14 February 2014: Waratah Spring Festival

Sydney is today touted as a ‘festival hub’ and as one of the best festival cities in the world. Not a week seems to go by without a cultural festival taking place. But 60 years ago, Sydney (and indeed the rest of Australia) was a very different place; it was much more culturally conservative.

 Waratah Princess lording it over some nymphettes aboard the City of Sydney float, 1965 (City of Sydney Archives, SRC18952)

Waratah Princess lording it over some nymphettes aboard the City of Sydney float, 1965 (City of Sydney Archives, SRC18952)

The visit of Queen Elizabeth II to Australian shores in 1954 marked a change in Australian cultural life. Her visits to the capital cities around the nation, in particular Sydney and Melbourne, attracted record crowds who gathered in the city centres to watch the royal spectacle. In the aftermath of her visit, civic forefathers in both cities saw an opportunity to attract people into the city centres with an annual festival.

:  Sutherland Shire Youth Crusade Gymea Baptist Sunday School float, 1965 (City of Sydney Archives, SRC18949)

:
Sutherland Shire Youth Crusade Gymea Baptist Sunday School float, 1965 (City of Sydney Archives, SRC18949)

Melbourne was first off the rank, with the Moomba Festival first held in March 1955. Not to be outdone, Sydney held its first annual festival, known as the Waratah Spring Festival, in October 1956. It was to be a spring festival, with the native Waratah flower chosen because it was both a symbol of NSW but also a plant indigenous to Sydney.

Marching bands in the Waratah Spring Festival procession, 1950s (City of Sydney Archives, SRC18287)

Marching band in the Waratah Spring Festival procession, 1950s (City of Sydney Archives, SRC18287)

The festival was initiated by the Sydney Committee led by the NSW Premier and the Mayor of Sydney Municipal Council; it was organised by the Council.

An estimated 250,000 spectators lined up to watch the first Waratah Spring Festival procession in 1956 – there were 140 decorated floats, 26 bands and 5,000 ‘marchers’. It was a spring festival – so it was held in October – and because the theme was ‘spring’, over two million flowers (both natural and artificial) were used to decorate the floats. Every year, there was a Waratah Pageant and a ‘Waratah Princess’ was crowned. The first Waratah Princess was Colleen Pike from Newtown.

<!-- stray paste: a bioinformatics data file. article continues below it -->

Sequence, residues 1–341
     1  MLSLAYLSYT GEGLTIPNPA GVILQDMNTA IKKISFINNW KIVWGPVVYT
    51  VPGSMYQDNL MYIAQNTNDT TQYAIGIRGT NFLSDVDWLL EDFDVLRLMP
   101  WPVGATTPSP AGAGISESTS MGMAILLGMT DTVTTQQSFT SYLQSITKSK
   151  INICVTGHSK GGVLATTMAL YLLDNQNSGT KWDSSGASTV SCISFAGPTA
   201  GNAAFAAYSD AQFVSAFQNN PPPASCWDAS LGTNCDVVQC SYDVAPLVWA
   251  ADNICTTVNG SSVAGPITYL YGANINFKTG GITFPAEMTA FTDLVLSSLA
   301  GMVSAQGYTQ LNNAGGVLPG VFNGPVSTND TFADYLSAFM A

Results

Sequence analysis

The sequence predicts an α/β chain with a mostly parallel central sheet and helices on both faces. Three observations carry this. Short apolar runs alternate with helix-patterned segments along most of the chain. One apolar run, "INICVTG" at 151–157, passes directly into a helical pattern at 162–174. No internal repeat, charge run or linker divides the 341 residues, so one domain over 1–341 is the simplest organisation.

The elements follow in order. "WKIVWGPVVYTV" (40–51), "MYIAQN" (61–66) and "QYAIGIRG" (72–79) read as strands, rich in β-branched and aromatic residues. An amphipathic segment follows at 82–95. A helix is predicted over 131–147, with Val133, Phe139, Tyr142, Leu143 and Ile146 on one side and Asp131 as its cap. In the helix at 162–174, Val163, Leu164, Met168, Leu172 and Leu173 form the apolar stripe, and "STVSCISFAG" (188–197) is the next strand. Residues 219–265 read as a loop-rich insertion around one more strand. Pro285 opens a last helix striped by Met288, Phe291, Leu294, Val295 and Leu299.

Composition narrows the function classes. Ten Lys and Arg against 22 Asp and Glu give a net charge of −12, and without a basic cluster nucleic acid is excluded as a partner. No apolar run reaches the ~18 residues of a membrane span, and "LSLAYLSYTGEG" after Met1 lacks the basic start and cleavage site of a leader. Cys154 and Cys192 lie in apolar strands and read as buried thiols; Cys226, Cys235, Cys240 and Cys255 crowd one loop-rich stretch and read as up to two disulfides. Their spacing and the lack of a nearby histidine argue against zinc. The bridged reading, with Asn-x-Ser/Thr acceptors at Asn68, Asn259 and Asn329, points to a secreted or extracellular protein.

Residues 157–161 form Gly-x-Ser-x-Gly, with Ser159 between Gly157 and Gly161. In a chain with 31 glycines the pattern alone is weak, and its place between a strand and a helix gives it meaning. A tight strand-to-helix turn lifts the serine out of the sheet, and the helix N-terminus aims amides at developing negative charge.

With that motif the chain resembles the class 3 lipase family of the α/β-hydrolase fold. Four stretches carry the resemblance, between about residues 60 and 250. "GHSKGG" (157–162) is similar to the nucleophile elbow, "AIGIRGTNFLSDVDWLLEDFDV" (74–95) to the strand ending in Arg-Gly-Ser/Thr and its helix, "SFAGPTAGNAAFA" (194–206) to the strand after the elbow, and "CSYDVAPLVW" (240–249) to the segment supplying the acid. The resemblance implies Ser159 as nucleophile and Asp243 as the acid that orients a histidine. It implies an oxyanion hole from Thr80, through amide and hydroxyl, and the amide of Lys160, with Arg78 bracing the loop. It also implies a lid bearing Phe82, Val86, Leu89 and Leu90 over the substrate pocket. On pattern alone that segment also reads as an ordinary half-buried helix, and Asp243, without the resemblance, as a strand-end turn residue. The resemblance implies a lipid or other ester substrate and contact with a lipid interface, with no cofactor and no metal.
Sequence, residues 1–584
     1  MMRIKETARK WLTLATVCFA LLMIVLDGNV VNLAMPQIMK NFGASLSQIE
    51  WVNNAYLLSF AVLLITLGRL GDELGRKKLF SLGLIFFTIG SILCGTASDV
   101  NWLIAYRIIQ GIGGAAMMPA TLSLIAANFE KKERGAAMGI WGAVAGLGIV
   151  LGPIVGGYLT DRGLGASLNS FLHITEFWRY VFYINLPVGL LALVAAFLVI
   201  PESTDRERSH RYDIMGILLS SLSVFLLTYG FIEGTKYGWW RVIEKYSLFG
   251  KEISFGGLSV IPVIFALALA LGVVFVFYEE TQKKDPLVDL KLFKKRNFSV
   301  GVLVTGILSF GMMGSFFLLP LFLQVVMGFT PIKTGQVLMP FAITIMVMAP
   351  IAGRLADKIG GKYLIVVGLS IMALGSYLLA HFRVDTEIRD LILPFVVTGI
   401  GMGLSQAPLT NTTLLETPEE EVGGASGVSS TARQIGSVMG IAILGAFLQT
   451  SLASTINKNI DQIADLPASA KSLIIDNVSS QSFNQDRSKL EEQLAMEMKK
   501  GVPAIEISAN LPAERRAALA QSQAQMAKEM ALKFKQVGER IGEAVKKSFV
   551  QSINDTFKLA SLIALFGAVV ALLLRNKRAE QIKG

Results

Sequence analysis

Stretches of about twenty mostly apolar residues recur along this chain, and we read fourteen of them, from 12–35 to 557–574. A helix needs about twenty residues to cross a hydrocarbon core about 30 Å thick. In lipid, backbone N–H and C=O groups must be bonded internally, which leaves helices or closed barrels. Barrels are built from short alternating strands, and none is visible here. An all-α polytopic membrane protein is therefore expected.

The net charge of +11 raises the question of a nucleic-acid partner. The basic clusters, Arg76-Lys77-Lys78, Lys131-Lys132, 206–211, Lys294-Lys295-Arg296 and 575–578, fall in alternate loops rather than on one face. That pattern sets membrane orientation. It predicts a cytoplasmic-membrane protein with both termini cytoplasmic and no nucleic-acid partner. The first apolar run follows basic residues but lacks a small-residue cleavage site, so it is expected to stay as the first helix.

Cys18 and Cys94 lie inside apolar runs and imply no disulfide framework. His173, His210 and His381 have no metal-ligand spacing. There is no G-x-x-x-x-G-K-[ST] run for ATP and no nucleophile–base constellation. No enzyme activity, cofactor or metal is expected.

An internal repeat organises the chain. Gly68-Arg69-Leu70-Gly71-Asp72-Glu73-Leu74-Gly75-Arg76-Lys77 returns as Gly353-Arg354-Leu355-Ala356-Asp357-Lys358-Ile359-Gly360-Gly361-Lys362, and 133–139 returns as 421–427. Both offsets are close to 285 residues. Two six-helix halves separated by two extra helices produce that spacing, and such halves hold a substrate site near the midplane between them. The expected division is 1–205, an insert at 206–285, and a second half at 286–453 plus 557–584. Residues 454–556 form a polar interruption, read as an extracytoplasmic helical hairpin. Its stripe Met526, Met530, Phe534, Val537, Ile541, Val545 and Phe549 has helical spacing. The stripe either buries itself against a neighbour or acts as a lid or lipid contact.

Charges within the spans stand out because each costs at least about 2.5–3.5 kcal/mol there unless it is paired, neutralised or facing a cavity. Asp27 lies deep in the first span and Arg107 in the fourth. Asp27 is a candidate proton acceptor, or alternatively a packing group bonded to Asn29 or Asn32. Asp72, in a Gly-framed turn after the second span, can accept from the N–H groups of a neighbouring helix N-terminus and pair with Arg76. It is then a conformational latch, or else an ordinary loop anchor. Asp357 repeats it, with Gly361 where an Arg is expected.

Sydney County Council's float featuring a large plug, 1950s (City of Sydney Archives, SRC18258 )

Sydney County Council’s float featuring a large plug, 1950s (City of Sydney Archives, SRC18258 )

In 1964, there were 45 decorated floats and up to 5,000 people took part in the procession, which extended almost two miles.

Eighteen Waratah Spring Festivals were held between 1956 and 1973. In addition to the public spectacle of the street parades, the festival grew to encompass other events including an art competition, a decorative floral competition in the lower town hall and cultural events including ballet and theatre.

Waratah Princess 1963 (City of Sydney Archives,  SRC17470)

Waratah Princess 1963 (City of Sydney Archives,
SRC17470)

By the early 1970s, the Waratah Festival was attracting ever fewer visitors to the centre of Sydney, and was gaining the reputation of being ‘tatty’.

The final Waratah Spring Festival was held in 1973, to coincide with the opening of the Sydney Opera House. In a report prepared in 1974, the Sydney Committee noted that the major sponsors had withdrawn their support and that the Festival had outlived its usefulness as a major attraction. The event was abandoned.

But three years later, it was relaunched as a summer festival, known as the Sydney Festival. The first Festival of Sydney was held in January 1977. It has been held annually since.

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4 Comments

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4 responses to “14 February 2014: Waratah Spring Festival

  1. Hi there, this is a lovely story. Did you also know that, in 1967, Skippy was part of the Waratah Festival? The show’s producers put a Waratah National Park float in the parade, complete with stuffed (or drugged) animals. Matt and Sonny Hammond and Tony Bonner manned the float and participated in a mock battle. Goodness knows what spectators thought of it, because the series had not yet aired.

    The State Library of New South Wales has some photos and there is a recount of it on a recently produced DVD of episodes of Skippy. The episode went to air in 1968, as the 17th episode of the first series.

    It’s a testament to the iconic nature of the festival that the producers of Skippy, who were working to make an icon, wove their show into it.

  2. When I was young my family used to travel into the city from Chatswood to watch the Waratah Festival. We loved the floats, but even as a child I was embarrassed by the silence of the crowd as the parade passed by. It just didn’t seem very festival-like to me. Sydneysiders of the 1950s and 1960s were an undemonstrative lot (except for Royal Visits). In my memory the crowd’s only reaction was occasional sporadic clapping for floats that had particular appeal. Interestingly, onlookers’ response to Sydney’s Centenary of Federation Parade in January 2001 was similarly flat. What a contrast to the Gay & Lesbian Mardi Gras, where everyone, participants and audience alike, seemed to be having fun.

  3. Pingback: 28 March 2014: I did but see her passing by… | Scratching Sydney's Surface

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